BIZ COLUMN:  CHINESE  INVESTMENTS

MANILA, AUGUST 14, 2008
(STAR) HIDDEN AGENDA By Mary Ann Ll. Reyes - It looks like the view from the business community perspective differs from the knee-jerk reaction of the political sector to the presence of President Arroyo in the signing of a joint agreement for a mining project involving a local company where former presidential chief of staff Michael Defensor sits as chair.

It appears some politicians want the country to close its doors to Chinese investments on the excuse that some investors from China were involved in recent controversies.

The business community cautions against this tendency. China is now a global investment giant and the country could benefit tremendously from direct investments coming from the erstwhile Sleeping Giant. They also caution against “the political rhetoric of generalizations” which tend to cast aspersions on the Chinese firms with which Defensor signed an agreement.

According to stock market analyst Astro del Castillo, the business community has a “neutral to positive” view of the entry of Nihao Mineral Resources, Jiangxi Rare Earth and Rare Metals Tungsten Group into the nickel mining sector in the country. Nihao is the partner of Geograce Resources Philippines, Inc. of which Defensor is chair. Nihao and Geograce are eyeing joint exploration projects in Zambales for nickel with the Chinese companies.

According to Del Castillo, the business community “has not put color into the presence of the President in the signing of the agreement in China”. China has a booming stainless steel industry which is having difficulty coping with its nickel requirements. A major nickel find in Zambales should inject significant energy into the mining sector, he said.

Why others would put color to her presence during the signing could not be helped. Defensor was an important personality in the President’s circle and is known as one of her best problem-solvers (he was instrumental for the opening of the NAIA Terminal 3).

The agreement for the nickel exploration may have been met with political brickbats from the opposition. But what is important is the result that the exploration would bring about.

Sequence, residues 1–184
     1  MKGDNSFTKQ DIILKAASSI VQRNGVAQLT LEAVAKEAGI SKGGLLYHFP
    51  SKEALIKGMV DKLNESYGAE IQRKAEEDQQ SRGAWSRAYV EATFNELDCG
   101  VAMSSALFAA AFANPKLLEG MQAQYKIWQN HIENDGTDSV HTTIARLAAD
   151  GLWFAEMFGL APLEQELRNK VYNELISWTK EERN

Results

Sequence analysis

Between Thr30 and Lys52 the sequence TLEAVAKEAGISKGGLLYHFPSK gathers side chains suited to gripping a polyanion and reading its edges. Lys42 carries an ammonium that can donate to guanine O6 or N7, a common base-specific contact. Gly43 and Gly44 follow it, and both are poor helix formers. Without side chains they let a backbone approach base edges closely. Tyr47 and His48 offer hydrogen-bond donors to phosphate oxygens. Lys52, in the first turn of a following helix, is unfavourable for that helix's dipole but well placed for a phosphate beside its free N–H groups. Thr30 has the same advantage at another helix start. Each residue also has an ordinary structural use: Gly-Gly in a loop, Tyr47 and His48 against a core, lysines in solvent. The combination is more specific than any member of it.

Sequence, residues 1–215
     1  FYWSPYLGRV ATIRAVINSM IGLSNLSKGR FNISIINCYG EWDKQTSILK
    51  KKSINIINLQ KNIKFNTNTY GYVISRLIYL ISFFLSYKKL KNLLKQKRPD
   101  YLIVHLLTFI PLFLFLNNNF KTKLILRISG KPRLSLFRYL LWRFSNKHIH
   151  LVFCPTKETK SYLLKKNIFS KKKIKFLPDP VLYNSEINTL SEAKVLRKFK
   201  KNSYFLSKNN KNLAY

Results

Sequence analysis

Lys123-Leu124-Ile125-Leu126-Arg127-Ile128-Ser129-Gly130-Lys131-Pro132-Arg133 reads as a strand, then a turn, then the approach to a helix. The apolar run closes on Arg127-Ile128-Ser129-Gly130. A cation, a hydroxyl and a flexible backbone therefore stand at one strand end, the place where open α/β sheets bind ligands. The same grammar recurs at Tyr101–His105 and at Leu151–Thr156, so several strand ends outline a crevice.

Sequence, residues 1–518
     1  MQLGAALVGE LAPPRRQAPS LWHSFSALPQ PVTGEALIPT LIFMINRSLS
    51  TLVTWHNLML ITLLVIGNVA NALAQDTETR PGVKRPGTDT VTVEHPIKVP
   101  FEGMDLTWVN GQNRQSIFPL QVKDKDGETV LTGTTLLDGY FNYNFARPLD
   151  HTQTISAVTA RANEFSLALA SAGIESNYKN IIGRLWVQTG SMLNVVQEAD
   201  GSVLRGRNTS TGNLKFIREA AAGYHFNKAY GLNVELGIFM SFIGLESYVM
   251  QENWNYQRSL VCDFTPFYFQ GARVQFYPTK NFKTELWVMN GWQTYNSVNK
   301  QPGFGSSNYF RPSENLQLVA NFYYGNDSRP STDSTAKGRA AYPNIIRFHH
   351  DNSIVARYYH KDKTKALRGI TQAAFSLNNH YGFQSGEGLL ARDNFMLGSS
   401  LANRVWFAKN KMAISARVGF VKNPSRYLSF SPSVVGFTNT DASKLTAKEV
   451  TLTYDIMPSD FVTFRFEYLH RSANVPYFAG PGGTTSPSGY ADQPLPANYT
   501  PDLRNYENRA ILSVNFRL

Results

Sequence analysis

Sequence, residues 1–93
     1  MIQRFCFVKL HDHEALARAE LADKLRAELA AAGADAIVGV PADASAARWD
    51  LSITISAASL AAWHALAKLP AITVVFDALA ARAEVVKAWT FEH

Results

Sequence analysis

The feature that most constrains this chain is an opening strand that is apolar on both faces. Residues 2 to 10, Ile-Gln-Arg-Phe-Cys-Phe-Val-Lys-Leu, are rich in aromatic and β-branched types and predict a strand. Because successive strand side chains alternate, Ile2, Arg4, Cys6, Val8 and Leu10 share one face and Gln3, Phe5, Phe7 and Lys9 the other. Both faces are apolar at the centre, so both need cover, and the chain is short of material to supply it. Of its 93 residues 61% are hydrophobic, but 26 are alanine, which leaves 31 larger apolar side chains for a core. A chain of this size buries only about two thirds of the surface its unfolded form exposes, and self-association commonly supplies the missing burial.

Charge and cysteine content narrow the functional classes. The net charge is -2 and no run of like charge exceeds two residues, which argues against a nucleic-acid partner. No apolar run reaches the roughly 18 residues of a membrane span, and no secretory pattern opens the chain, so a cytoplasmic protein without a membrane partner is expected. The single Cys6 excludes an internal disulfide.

Rethinking CARP

If the comprehensive agrarian reform program’s implementation will be extended, then government better think twice how it will do it this time.

If the sole purpose of agrarian reform will continue to be land distribution, then the program will just be a waste of public funds.

The experiences of other countries that have implemented land reform should serve as a lesson. Thirty-three countries adopted agrarian reform. Only three succeeded – Japan, Taiwan, and Korea. In order to make land reform successful, reform beneficiaries must be provided with support services. Unfortunately, the area of support services for CARP has not been given much attention and funding.

A post-land acquisition and distribution study by the Department of Agrarian Reform and the German Technical Cooperation (GTZ) says poverty incidence remained high at 63 percent after CARP, mainly due to high cost of inputs such as fertilizers, pesticides, seeds, pumped water, as well as farm machinery and fuel.

The same study also notes that agricultural trade balance has also deteriorated since the enactment of CARP, with the country reversing its position from being a net agricultural exporter to a net importer by the mid-90s. CARP came at a time when we had an open trade regime. Unfortunately, to be competitive under such a regime, our farmers have to be placed on equal footing with those in other countries– in terms of cost competitiveness. But with high cost of inputs in this country, a level playing field may remain a dream.

This probably explains why the economic situation in rural areas has not improved much. While there had been success stories among CARP beneficiaries in the rice and corn sector, we cannot say the same for sectors where economies of scale is crucial, such as sugar and the so-called plantation crops such as bananas, coconuts, mangoes, etc.

The DAR-GTZ study also revealed that about 26 percent of CARP beneficiaries have sold their lands.

If CARP were to be extended, then government should instead strive to make the four million beneficiaries productive and efficient. The DAR has reported that there were still 2.03 million FBs who have not been given support services.

Social justice and land distribution are not synonymous. If social justice means uplifting the lives of Filipinos, then government better concentrate on these 2.03 million FBs who are still waiting for salvation, under the next leg of CARP. Because if we start acquiring and distributing more lands, then more Filipinos will never know what social justice means.